(Reuters) - A federal judge pushing for a settlement in lawsuits by state and local governments against drug companies over their roles in the U.S. opioid epidemic said on Wednesday that trials may be needed after both sides identified barriers to reaching a deal.
U.S. District Judge Dan Polster in Cleveland in an order said the parties at a hearing on Tuesday to discuss the status of settlement talks indicated that a “limited litigation track” was needed.
Polster said that would include motions and so-called bellwether trials, essentially test cases used in mass litigation in the United States to help both sides gauge the range of damages and define settlement options.
“The parties reported important and substantial progress on several fronts, but also identified various barriers to a global resolution,” Polster wrote in an order.
The development signals that a quick settlement may not be feasible in the litigation despite the pro-active push by Polster, who is overseeing more than 355 lawsuits blaming corporations for helping fuel the opioid epidemic.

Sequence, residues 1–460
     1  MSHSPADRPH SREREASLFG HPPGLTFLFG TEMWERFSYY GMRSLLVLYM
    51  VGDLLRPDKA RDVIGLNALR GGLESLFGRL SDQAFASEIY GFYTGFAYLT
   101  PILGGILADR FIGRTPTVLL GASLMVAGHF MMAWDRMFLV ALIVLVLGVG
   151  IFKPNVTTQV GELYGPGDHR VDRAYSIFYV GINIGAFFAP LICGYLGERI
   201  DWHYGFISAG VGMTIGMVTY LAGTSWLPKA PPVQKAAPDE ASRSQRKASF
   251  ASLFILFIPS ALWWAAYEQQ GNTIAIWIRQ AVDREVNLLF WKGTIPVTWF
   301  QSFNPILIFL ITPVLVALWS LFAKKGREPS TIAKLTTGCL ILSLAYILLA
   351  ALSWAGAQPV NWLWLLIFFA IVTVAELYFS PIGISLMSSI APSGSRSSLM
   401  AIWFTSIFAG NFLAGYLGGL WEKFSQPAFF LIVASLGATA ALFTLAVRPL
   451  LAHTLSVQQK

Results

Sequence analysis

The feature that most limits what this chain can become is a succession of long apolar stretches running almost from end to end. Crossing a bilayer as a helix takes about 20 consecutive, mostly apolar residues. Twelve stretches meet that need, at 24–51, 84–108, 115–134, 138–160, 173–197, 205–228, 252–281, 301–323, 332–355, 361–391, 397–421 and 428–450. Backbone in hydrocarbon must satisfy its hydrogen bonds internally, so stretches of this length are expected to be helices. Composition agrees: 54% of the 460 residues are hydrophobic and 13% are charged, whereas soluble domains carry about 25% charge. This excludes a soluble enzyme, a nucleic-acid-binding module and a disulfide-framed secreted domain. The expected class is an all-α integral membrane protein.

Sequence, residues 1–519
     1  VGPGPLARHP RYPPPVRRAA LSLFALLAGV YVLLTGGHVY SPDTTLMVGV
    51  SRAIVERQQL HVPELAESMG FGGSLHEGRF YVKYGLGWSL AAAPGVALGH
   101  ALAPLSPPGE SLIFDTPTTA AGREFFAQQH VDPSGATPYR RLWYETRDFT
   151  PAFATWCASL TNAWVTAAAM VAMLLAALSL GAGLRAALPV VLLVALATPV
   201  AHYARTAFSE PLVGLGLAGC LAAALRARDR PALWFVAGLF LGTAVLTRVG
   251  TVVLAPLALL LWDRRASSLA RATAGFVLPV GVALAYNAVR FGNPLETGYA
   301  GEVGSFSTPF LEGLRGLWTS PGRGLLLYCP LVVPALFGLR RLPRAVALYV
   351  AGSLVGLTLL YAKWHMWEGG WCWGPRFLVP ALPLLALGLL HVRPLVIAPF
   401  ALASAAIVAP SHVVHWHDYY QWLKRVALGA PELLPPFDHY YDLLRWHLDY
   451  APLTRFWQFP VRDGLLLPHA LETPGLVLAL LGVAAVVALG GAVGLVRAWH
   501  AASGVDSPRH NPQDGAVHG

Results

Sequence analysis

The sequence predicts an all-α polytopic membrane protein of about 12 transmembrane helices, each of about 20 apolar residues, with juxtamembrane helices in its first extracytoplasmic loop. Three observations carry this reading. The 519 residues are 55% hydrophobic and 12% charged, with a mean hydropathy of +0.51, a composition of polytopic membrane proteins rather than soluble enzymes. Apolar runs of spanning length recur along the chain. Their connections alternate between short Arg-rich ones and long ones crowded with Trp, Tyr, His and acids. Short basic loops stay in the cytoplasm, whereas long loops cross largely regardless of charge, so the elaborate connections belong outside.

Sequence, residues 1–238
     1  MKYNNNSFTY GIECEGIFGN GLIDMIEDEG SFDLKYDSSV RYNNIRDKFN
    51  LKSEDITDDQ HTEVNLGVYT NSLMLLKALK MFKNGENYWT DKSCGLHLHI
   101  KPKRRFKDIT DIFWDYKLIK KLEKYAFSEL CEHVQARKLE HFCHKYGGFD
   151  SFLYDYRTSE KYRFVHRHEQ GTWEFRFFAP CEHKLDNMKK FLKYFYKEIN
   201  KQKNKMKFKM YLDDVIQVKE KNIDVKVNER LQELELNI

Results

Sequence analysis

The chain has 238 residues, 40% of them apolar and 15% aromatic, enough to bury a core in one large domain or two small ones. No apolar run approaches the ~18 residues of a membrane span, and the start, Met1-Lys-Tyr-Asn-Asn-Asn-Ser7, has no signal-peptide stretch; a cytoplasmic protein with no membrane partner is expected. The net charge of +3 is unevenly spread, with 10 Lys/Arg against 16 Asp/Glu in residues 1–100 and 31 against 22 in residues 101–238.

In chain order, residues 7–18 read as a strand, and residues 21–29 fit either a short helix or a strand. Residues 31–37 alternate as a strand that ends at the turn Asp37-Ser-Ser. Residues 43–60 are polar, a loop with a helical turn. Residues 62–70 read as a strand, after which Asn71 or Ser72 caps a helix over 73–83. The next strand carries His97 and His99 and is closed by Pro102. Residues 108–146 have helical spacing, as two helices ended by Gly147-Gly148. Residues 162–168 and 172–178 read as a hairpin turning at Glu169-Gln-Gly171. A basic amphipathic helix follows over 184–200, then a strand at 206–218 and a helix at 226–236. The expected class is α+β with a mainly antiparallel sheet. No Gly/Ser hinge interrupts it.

The judge at a hearing in January said he wanted “do something meaningful to abate this crisis and to do it in 2018.”
Johnson & Johnson, one of the corporate defendants, in a statement said it is “committed to being part of the ongoing dialogue and to doing our part to find ways to address this crisis.”
Representatives for the other companies and plaintiffs either did not immediately respond to requests for comment or declined comment on Wednesday.
In 2016, the last year with publicly available data, 42,000 people died from opioid overdoses, according to the U.S. Centers for Disease Control and Prevention.
The lawsuits have generally accused the drugmakers of deceptively marketing opioids and allege distributors ignored red flags indicating the painkillers were being diverted for improper uses.
The defendants include opioid manufacturers Purdue Pharma LP, Johnson & Johnson, Teva Pharmaceutical Industries Ltd, Endo International Plc and Allergan Plc and drug distributors AmerisourceBergen Corp, Cardinal Health Inc and McKesson Corp.
Polster has pushed for a global settlement. To facilitate that, he has invited state attorneys general who have cases in state courts not before him or who are conducting a multistate investigation to participate in those talks.
While Polster in Wednesday’s order said some litigation will now take place, he directed three special masters appointed to facilitate settlement talks to continue participating in negotiations and scheduled another settlement hearing for May.
Reporting by Nate Raymond in Boston; Editing by Lisa Shumaker
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